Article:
Bosses at Lloyds’ annual general meeting (AGM) in Edinburgh confirmed the UK government’s stake in the Bank of Scotland owner now stands at 0.25 per cent, meaning the group’s return to full private ownership is “just days away”.
Chief executive Antonio Horta-Osorio described the development as a “major milestone” in efforts to turn the banking group around from the “crisis” it faced a few years ago.
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At its peak, Lloyds was 43 per cent owned by the state after the government spent £20.3 billion of taxpayers’ cash to bail it out at the height of the financial crisis. The AGM came just weeks after ministers announced they had recouped all of the £20.3bn ploughed in.
Addressing shareholders at the Edinburgh International Conference Centre, Horta-Osorio said: “2016 was also a significant year for the group as the UK government substantially reduced its shareholding.
“We are now just days away from a major milestone as the group returns to full private ownership. We take great pride in the fact that the government has already received more than its original investment of £20.3bn.
“With further proceeds to come as the sale is completed, this will ensure that the UK taxpayers get back at least £500 million more than was originally put in.”
The chief executive told the gathering the business has been turned around from the time when it acquired £200bn of “toxic assets” from its takeover of HBOS and had a “significant” payment protection insurance (PPI) problem.
“Looking at the group now, it is perhaps easy to lose sight of the fact that just six years ago this was a bank in crisis,” he said.
“Six years on we have turned the business around and we are now a strong, safe and UK-focused bank.”
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Chairman Lord Blackwell told the AGM that 2016 was a notable year for Lloyds as it strengthened its capital position and accelerated the process of returning the group to private ownership.
“Everyone who works for the group is conscious of the enormous debt we owe to taxpayers for the financial support we received following the financial crisis and it is a source of pride that we have been able to restore the bank to financial health and repay the taxpayer for their support,” he said.
“We expect the final sale of the government’s remaining stake to be completed relatively soon and, as of this morning, I’m told they’re down to just 0.25 per cent ownership of the company’s shares.”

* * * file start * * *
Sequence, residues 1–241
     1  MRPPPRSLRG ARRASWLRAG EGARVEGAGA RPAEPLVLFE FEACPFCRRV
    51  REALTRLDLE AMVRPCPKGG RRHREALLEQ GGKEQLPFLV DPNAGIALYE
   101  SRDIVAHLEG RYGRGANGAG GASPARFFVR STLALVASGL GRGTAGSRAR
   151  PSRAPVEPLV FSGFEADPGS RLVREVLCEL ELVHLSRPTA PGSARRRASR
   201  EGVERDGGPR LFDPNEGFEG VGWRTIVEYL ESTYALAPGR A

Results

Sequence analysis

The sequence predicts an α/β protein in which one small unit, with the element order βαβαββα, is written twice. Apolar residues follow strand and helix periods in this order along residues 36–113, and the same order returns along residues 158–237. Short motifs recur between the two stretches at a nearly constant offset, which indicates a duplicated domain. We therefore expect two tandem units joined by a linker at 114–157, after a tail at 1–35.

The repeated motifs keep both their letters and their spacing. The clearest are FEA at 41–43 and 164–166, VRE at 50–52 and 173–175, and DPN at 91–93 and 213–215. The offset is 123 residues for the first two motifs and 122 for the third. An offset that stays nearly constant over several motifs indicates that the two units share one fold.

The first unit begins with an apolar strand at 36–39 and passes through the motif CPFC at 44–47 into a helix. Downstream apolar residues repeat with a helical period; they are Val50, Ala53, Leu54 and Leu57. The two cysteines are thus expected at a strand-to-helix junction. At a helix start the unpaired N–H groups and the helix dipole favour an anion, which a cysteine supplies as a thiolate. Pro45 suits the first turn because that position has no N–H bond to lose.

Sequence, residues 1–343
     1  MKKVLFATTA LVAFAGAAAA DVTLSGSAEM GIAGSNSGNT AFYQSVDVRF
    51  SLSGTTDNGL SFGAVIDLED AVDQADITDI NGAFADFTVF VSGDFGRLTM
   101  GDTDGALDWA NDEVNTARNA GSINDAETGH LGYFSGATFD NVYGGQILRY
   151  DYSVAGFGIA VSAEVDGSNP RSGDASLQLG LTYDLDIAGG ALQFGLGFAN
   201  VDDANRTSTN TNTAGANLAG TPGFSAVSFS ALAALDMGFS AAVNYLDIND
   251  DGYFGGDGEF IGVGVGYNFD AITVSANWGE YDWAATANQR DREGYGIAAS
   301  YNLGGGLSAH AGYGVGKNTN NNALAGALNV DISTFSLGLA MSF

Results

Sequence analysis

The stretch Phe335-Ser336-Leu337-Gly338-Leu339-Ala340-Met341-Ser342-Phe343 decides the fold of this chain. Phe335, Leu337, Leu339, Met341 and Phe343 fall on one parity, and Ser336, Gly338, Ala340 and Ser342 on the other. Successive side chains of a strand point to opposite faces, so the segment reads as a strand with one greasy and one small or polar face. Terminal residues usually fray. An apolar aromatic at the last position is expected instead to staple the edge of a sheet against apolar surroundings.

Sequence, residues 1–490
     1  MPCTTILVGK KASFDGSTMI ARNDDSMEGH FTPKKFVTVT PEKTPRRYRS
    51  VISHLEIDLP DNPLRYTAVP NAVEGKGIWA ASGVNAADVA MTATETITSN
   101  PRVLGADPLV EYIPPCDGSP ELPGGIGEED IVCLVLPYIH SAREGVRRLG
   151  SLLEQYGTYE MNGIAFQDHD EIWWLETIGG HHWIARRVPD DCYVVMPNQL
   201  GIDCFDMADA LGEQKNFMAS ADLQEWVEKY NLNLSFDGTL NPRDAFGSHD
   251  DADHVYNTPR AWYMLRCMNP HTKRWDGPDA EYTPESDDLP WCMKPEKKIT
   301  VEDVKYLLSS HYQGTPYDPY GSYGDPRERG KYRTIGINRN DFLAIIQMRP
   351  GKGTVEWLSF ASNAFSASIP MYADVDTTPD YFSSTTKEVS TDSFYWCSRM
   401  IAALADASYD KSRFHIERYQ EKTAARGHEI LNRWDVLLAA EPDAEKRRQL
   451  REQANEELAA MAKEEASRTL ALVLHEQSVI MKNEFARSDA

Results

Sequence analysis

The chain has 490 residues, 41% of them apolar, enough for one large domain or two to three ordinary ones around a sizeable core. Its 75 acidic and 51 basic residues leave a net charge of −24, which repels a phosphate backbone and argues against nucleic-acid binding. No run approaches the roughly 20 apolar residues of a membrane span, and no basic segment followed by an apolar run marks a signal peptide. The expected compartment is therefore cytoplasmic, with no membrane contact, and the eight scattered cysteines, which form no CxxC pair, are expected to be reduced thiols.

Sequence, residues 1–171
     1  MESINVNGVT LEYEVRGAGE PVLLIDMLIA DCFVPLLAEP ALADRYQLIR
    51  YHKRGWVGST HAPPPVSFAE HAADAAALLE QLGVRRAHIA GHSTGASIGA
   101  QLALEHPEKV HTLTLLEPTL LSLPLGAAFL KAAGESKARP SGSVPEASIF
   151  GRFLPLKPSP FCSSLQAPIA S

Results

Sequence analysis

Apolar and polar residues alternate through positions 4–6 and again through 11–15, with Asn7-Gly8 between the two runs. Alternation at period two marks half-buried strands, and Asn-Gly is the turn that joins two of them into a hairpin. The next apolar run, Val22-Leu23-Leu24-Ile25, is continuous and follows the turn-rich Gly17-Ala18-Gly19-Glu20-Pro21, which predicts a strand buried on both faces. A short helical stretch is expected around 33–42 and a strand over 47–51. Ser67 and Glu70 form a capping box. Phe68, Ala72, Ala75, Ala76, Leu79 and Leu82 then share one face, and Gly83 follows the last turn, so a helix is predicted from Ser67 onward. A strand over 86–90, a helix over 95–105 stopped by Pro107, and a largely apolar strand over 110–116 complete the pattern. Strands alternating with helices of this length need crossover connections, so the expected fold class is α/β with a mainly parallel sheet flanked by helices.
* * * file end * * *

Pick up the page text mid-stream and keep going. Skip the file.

Lloyds last month announced that profits have doubled in the first three months of the year amid a “sweet spot” thanks to the economy’s resilience since the Brexit vote. The lender posted first-quarter pre-tax profits of £1.3bn, up from £654m a year earlier.
This came despite the bank being forced to set aside £350m to cover mis-sold PPI claims and £100m to cover compensation for victims of fraud by former HBOS staff.
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During the AGM, Lloyds chiefs faced questions from shareholders about the handling of that fraud case. It came after a group of corrupt financiers were jailed for carrying out a £245m loans scam. The case dates back to the time before Lloyds took over the HBOS business.
Blackwell told the gathering he is “determined” the victims in that case are “fairly, swiftly and appropriately compensated” now that the trial has finished. He clarified that that meant within “weeks rather than months”.
The chairman said: “We remain committed to learning from our mistakes and following through our strategy to be the best bank for customers, shareholders and UK.”
He told one questioner: “You have our full sympathy for what you’ve been through and I’d like to express our regret and apologies for what happened in HBOS at that time.”
On Wednesday, Noel Edmonds launched a £50m compensation claim against Lloyds, with the Deal Or No Deal star claiming he has suffered “deep distress and public humiliation” caused by fraud at the hands of former HBOS Reading staff. Edmonds claims that a convicted former HBOS employee helped destroy his business Unique Group.
Following the AGM, his lawyer Jonathan Coad, from Keystone Law, said: “Lord Blackwell has said today at the Lloyds AGM that it is Lloyds’ intention that the victims of the HBOS frauds should receive their compensation ‘within weeks’. Lloyds has already appointed Professor Griggs to assess that compensation.
“My letter to Mr Horta-Osorio was sent some three weeks ago. But I am still waiting to hear from Professor Griggs or anyone in his office. So, at the moment the bank does not appear to be delivering on the promises that it is making to its shareholders and the general public.”